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Covalent Bonding:

Objectives:

    1.    Describe the characteristics of a covalent bond.

    2.    Describe the difference between polar and nonpolar covalent bonds.

Key Terms:

    molecule    molecular substance    molecular formula    structural formula    Lewis structure    unshared pair    single covalent bond    double covalent bond    triple covalent bond    polar    nonpolar

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Notes:

Though we have learned about the forming of bonds through the transfer of electrons, the majority of compounds that we come in contact with in our daily lives are formed in a completely different manner.  The atoms are covalently bonded.  A covalent bond is one where the electrons are shared.  A group of covalently bonded atoms is called a molecule.  These molecular substances include DNA, sugar and carbon dioxide.  The molecules can contain as few as 2 atoms and as many as a million.  Rules for covalent bonds:
electrons are shared in covalent molecules
covalently bonded molecules follow the octet rule (some exceptions - BF3)
covalent molecules can form single, double, or triple bonds
covalent bonds can be rearranged to form different molecules (glucose, fructose, & maltose)

Most covalent bonds are slightly polar in nature.  What this means is that electrons are not evenly shared between the atoms.  This is due to the different electronegativity (electron attracting) values of the individual atoms.  Lets look at water (H20):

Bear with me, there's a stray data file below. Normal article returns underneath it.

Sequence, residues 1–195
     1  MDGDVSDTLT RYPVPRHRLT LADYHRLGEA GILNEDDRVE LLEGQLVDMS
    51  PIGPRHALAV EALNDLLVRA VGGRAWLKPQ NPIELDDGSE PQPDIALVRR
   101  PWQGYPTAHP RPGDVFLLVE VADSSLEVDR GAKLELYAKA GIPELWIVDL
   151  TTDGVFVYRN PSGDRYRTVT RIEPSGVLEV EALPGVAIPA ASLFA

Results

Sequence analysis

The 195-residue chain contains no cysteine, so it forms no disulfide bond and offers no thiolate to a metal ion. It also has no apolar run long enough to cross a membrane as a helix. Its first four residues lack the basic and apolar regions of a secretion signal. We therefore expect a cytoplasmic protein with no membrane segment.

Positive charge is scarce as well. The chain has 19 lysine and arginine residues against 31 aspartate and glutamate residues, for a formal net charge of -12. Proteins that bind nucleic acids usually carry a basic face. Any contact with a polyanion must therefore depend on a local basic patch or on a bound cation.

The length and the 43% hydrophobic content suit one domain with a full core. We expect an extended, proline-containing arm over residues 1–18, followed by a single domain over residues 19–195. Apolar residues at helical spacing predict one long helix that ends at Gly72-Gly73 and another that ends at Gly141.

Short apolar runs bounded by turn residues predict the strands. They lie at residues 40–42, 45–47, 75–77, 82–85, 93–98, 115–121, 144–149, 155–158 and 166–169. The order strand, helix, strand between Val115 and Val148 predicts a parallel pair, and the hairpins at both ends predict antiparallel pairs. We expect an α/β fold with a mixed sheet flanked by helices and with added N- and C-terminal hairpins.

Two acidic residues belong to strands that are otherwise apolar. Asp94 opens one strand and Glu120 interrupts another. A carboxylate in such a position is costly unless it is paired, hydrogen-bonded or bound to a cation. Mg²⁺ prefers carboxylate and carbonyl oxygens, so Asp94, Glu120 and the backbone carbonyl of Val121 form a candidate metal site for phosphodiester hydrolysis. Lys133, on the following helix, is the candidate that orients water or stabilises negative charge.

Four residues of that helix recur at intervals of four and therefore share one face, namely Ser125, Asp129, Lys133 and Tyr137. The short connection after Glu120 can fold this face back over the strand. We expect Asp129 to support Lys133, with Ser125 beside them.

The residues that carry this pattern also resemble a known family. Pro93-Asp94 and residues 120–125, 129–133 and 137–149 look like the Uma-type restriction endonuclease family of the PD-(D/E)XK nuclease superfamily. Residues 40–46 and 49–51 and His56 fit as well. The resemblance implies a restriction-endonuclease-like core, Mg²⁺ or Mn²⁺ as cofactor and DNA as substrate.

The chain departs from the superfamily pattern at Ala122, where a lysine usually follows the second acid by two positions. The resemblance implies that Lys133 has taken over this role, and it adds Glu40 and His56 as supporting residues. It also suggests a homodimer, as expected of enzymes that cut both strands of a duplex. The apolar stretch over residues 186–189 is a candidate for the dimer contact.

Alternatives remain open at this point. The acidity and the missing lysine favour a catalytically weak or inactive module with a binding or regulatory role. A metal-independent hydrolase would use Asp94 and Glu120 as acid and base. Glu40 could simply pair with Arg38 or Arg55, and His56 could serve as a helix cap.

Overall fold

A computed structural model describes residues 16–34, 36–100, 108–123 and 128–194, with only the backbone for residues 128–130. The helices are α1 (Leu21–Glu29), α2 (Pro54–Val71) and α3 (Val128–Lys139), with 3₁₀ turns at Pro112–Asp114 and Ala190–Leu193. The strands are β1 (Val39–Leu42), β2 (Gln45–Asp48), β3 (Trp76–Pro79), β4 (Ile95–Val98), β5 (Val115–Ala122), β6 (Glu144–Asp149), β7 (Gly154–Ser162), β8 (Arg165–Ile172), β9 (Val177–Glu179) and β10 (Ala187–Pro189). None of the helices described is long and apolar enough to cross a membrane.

electronegativity of H = 2.1
electronegativity of O = 3.5

The resulting molecule is considered polar where oxygen becomes slightly negative and the hydrogen becomes slightly positive.

Molecules can also be non polar.  The non polar molecule is electrically neutral and stable.   Examples include O2, N2 and F2  You can use the following chart to predict the type of bond.

Electronegativity Difference Bond Type
< 0.4 nonpolar covalent
between 0.5 and 1.9 polar covalent
> 2.0 ionic

 

Formulas:

Empirical

lists atom ratios in the ratios that are present in the molecules
not good for describing covalently bonded molecules
        CH2O is wood, sugar, lactic acid, etc ...

Molecular:

lists the atoms in the found in the molecule without reducing
better that the empirical formula but not the best for describing molecules
        C6H12O6 - fructose, C6H12O6 - glucose, C6H12O6 - galactose

Structural:

shows where the individual atoms are bonded
Lewis structures are an example of this type of formula
        Dashes are a shorthand way of showing bonds
Diagram of glucose

Diagram of fructose

(www.cherrybyte.org/Articles/ bugbytes/sugar/fructose.gif)

 

 

 

 

 

 

 

 

Last modified: November 08, 2002